The Global Nature of the Recession

Paul Gillespie writes on this topic in today’s Irish Times, covering Kevin’s recent work and some of the other work cited on this blog: here.

6 replies on “The Global Nature of the Recession”

Its wonderful to see the pro ultra liberal, globalized market economic gurus who were part of the cheerleading crew THAT LED TO THIS DEBACLE now lineing up to diagnose the ailing economic patient,when so recently they couldnt even predict that he was sick!.like a banker who gives you an umbrella when it stops to rain O Rourke and crew are good at being experts after the horse has bolted.Its interesting to note how an explanation of Ireland great economic success has recently been removed from O Rourkes list of web published articles,

Excellent article by Gillespie as usual.

Another interesting aspect of this global crisis is the use of models that did not adequately take account of low probability / high consequence events, fat tail events, such as LTCM, The Wall Street Crash, the Great War, etc.

Nassim Taleb’s interview on Econ Talk discusses this modelling problem: Nassim Taleb talks about the financial crisis, how we misunderstand rare events, the fragility of the banking system, the moral hazard of government bailouts, the unprecedented nature of really, really bad events, the contribution of human psychology to misinterpreting probability and the dangers of hubris. The conversation closes with a discussion of religion and probability.

Also, George Soros’ latest book, ‘The New Paradigm for Financial Markets: The credit crisis of 2008 and what it means’, and his theory of reflexivity says that supply and demand curves are not independently determined and that rational expectations theory does not hold, the prices in markets can feed expetations & can cause temporary madness, e.g. increasing housing supply & increasing prices in Ireland.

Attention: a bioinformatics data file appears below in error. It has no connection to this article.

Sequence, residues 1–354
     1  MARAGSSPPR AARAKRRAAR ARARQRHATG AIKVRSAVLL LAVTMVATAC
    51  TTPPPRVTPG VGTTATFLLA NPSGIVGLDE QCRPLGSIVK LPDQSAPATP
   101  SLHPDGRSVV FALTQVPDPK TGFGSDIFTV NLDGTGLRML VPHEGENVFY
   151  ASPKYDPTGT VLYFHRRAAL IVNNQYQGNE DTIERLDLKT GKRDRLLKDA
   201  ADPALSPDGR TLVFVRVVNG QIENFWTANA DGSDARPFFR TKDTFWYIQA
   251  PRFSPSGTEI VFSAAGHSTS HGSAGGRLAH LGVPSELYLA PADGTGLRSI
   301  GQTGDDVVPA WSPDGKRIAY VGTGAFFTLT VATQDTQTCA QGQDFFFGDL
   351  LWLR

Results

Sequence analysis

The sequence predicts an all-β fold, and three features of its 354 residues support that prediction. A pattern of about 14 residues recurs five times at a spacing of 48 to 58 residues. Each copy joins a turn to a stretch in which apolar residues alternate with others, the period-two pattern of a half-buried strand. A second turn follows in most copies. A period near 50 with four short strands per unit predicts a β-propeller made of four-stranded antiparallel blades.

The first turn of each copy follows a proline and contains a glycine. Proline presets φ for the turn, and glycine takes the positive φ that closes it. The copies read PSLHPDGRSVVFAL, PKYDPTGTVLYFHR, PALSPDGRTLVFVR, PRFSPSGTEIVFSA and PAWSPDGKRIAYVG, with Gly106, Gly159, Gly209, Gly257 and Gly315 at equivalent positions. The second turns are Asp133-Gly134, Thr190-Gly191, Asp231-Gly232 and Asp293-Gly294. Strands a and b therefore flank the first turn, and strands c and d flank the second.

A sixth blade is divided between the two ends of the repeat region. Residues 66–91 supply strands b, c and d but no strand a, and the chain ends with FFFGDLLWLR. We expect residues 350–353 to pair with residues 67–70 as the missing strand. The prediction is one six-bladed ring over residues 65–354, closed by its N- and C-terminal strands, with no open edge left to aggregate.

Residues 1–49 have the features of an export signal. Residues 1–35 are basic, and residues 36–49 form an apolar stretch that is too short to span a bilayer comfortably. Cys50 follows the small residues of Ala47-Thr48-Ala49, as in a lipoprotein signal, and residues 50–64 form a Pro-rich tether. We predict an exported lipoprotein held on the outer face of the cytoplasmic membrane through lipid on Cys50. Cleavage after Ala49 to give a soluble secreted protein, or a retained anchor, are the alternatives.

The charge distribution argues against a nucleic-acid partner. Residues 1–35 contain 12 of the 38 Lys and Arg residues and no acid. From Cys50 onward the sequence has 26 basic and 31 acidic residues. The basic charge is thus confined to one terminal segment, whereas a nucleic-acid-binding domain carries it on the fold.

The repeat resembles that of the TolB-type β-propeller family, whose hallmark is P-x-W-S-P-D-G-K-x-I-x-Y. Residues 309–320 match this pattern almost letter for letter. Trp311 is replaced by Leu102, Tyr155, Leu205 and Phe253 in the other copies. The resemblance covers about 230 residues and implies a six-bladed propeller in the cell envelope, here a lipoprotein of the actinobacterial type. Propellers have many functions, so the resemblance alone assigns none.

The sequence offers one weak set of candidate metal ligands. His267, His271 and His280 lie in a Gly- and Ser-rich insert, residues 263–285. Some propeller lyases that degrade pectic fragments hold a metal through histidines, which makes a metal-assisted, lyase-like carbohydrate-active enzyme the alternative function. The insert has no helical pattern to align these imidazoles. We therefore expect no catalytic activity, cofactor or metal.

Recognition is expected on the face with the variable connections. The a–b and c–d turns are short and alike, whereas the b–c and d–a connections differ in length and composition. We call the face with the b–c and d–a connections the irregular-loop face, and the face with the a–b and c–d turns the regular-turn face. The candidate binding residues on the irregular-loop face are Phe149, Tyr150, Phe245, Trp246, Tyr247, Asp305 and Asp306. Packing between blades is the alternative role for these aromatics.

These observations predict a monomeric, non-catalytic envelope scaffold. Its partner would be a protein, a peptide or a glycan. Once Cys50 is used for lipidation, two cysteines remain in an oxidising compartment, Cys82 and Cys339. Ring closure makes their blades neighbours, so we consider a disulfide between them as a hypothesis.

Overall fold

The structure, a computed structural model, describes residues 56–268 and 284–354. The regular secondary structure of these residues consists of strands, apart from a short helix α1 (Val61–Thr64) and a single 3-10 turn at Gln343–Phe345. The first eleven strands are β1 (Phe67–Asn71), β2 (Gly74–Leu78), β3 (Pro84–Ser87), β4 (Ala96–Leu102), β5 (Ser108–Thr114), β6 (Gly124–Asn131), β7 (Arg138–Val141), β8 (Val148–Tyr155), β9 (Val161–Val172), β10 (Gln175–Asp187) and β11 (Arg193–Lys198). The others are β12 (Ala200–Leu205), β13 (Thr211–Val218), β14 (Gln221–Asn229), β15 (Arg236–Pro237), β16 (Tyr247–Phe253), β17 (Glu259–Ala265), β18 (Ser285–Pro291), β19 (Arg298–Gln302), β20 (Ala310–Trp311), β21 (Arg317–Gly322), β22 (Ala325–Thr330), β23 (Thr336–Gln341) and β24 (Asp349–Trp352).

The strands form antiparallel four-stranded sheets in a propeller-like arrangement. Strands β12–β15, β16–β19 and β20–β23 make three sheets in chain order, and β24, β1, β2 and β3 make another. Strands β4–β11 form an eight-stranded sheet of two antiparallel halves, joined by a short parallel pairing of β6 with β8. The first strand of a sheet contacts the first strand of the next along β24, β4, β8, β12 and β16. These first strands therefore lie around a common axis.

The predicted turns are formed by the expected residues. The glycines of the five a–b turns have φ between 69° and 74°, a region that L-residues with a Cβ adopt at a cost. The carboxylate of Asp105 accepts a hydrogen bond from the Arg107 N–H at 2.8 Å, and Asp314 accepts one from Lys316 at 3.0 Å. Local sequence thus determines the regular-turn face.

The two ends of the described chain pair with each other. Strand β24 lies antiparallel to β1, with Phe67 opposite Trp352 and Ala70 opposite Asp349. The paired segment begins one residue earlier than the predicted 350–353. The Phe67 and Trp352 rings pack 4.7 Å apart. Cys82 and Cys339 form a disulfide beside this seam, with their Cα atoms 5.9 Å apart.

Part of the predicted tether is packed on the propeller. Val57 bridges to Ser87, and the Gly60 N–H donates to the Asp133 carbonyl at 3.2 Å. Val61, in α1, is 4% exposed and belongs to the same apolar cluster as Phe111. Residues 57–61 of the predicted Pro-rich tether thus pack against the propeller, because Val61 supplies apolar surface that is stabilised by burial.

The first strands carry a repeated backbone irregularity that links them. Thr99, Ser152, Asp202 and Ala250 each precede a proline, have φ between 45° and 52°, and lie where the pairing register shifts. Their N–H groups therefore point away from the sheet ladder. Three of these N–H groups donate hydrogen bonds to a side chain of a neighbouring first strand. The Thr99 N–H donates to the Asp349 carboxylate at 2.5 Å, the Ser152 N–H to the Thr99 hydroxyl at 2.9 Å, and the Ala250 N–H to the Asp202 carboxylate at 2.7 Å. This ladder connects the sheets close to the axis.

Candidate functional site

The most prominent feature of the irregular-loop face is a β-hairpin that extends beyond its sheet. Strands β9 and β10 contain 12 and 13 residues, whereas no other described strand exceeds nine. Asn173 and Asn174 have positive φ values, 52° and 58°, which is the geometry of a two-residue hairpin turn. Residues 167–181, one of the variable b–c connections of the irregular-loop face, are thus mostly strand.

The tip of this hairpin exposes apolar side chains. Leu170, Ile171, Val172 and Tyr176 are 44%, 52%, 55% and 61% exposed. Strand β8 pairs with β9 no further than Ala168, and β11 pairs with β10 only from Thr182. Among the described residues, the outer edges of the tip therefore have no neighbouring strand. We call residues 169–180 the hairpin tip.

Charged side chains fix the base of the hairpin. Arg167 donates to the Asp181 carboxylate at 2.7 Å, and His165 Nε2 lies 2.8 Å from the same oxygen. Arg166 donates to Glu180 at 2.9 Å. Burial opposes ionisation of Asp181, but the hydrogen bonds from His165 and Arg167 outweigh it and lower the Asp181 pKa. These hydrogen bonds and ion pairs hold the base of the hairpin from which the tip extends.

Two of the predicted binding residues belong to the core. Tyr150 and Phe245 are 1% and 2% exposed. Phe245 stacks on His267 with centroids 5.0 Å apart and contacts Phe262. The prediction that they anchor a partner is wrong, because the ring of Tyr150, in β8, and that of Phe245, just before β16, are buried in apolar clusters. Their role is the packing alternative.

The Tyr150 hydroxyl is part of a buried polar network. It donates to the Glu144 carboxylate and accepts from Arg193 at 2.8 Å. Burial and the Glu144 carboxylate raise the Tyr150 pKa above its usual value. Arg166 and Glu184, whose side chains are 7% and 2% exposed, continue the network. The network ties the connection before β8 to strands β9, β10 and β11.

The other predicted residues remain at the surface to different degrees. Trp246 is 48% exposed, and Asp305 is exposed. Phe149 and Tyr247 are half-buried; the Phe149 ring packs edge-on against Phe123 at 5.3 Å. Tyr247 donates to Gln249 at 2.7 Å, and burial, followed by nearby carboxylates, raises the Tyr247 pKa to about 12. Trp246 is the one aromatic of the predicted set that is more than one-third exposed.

Does George Soros’ very success in the markets demonstrate that these economic theories do not hold? What does this crisis mean for economic theory and models? The global crisis surely provides evidence.

Calan: you can get my cv on my website. It has a full list of my publications. I gather that he is talking about a textbook chapter published in 2000, co-authored with that wild-eyed libertarian extremist Cormac Ó Gráda, in which we argued that Ireland’s catch-up in the 1990s was a delayed version of the catch-up which the rest of Western Europe had experienced in the 1950s and 1960s, based on — as in their case — social partnership and exporting to the European market. It’s news to me that I’ve recently removed it from my website, but then again professors are notoriously absent-minded.

While one can clearly disagree with the analysis of the chapter, the more important point is that it is obviously evidence of an ultraliberal market fundamentalist mindset.

In reading the very different analyses of the on-going economic and financial downturn I have come across only one commentator who appears to have observed a significant (possible) cause.

Reflecting back to 1930- 1938 – what were the real internal and external differences to today?

May I ask a favour? Would each contributor state what their economic Model-in-Use is? If it is Permagrowth, perhaps you might want to re-view it.

Brian P

The massive bubble was nurtured by the keeper of the reserve currency and the largest economy, the one with armed forces in 90% of “free” countries…..Greenspan was the titular head, but the policy is designed to produce a level playing field, ie economic disruption. Most economists could and did see it coming.
So why was it brought about? What is this NWO? More economic slavery for the poor nations or a genuine attempt at a United Nations?
And why are all the “oeconomists” so cowed by it?
We have all we need; who needs more and what is his unseen hand up to at the moment?

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